J. Paul Getty Museum

The Getty Presents “Blurring the Line: Manuscripts in the Age of Print”

Los Angeles — Throughout the Middle Ages (about 500-1500), texts and images were disseminated primarily through handwritten and hand-drawn materials. In the 15th century, with the invention of new printing technologies, a revolution swept through Europe giving rise to a rich cross-fertilization between mechanical innovation and painterly tradition.

Digest
Fantastic medieval beasts are on display at the Getty
Summer 2019
Bestiaries, allegorical texts with pages of illuminated animals—some real, like the lion, some mythical, like the griffin—were the bestsellers of their day. Until now, there has been no more comprehensive look at this medieval megahit than Book of Beasts: The Bestiary in the Medieval World at the Getty Center in Los Angeles through August 18. This exhibition brings together for the first time twenty-four of a known sixty-five illuminated Latin bestiaries.

This Summer the Getty Museum Presents “Once. Again. Photographs in Series.”

Los Angeles – Artists have long used cameras to record change, documenting transformations in landscapes or intimate portraits of people at different times in their lives. Once. Again. Photographs in Series, on view July 9-November 10, 2019 at the J. Paul Getty Museum, Getty Center, features historical and contemporary artists who have revisited people and places to make extended photographic series, prompting reflection on the impact of the passage of time—on photographers as well as their subjects.

The J. Paul Getty Museum Presents “The Wondrous Cosmos in Medieval Manuscripts”

Los Angeles – The cosmos—full of shining stars and orbiting planets—inspired works of art and literature throughout the Middle Ages (about 500-1500). Awe-inspiring cosmic phenomena were thought to inform every aspect of a person’s physical, mental, and spiritual well-being, provoking students of medicine, philosophy, and religion carefully to track the progress of the twelve signs of the zodiac and the celestial luminaries (the sun and moon) across the sky.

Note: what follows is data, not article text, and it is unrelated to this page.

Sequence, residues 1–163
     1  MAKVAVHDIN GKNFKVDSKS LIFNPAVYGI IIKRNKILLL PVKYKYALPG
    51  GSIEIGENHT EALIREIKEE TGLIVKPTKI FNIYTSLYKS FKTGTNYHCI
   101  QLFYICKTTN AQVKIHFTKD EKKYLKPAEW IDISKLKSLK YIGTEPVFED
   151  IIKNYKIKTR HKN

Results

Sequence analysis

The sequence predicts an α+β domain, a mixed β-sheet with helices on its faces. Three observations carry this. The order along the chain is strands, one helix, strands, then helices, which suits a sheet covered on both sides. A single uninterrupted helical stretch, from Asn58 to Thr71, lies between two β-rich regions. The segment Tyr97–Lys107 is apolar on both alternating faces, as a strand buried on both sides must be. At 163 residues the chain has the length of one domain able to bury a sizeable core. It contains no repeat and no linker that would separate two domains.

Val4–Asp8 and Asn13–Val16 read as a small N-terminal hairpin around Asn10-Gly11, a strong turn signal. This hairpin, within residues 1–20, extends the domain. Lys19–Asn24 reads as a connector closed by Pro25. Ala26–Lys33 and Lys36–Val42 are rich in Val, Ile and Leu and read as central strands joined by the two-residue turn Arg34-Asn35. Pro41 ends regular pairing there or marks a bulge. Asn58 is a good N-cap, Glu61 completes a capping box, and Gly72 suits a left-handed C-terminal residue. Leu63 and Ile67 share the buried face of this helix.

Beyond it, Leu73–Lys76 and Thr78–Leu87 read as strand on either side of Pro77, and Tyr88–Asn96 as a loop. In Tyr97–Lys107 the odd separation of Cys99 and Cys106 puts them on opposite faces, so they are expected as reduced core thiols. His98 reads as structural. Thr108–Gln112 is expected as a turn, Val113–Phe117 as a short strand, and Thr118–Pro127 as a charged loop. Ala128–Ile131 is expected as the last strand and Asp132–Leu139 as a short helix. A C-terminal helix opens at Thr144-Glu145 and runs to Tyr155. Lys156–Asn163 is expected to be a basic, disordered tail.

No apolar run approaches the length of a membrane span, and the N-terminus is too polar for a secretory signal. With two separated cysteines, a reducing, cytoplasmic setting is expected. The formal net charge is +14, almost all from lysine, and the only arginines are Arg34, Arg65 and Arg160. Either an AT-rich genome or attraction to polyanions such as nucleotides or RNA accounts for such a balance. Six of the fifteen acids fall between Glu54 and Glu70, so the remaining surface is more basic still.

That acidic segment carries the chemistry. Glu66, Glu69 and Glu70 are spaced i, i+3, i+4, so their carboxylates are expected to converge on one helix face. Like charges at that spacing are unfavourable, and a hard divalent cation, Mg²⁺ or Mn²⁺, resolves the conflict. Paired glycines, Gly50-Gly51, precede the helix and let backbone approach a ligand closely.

Getty’s Newly Acquired Northern Renaissance Masterpiece Goes on View

LOS ANGELES—The J. Paul Getty Museum will exhibit the Roman de Gillion de Trazegnies, an illuminated manuscript from Flanders by Lieven van Lathem (1430-1493) from September 3, 2013-March 2, 2014. The work is considered one of the finest productions by Van Lathem, the most accomplished and sophisticated painter of secular scenes in the golden era of Flemish manuscript illumination. In July, England granted the export license for the work, which was purchased by the Getty at auction in December 2012.

Collecting and Transforming Medieval Manuscripts at The Getty

LOS ANGELES—For hundreds of years, medieval manuscripts have been bought and sold, gifted and stolen, preserved and rearranged, loved and forgotten, hidden and displayed, cut into pieces, hung on walls, and glued into albums. They have survived wars, fires, floods, religious conflict, political tumult, the invention of printing, and changes in taste.  They have at times been valued for their beauty, for their spiritual significance, or simply for the strength of their parchment pages.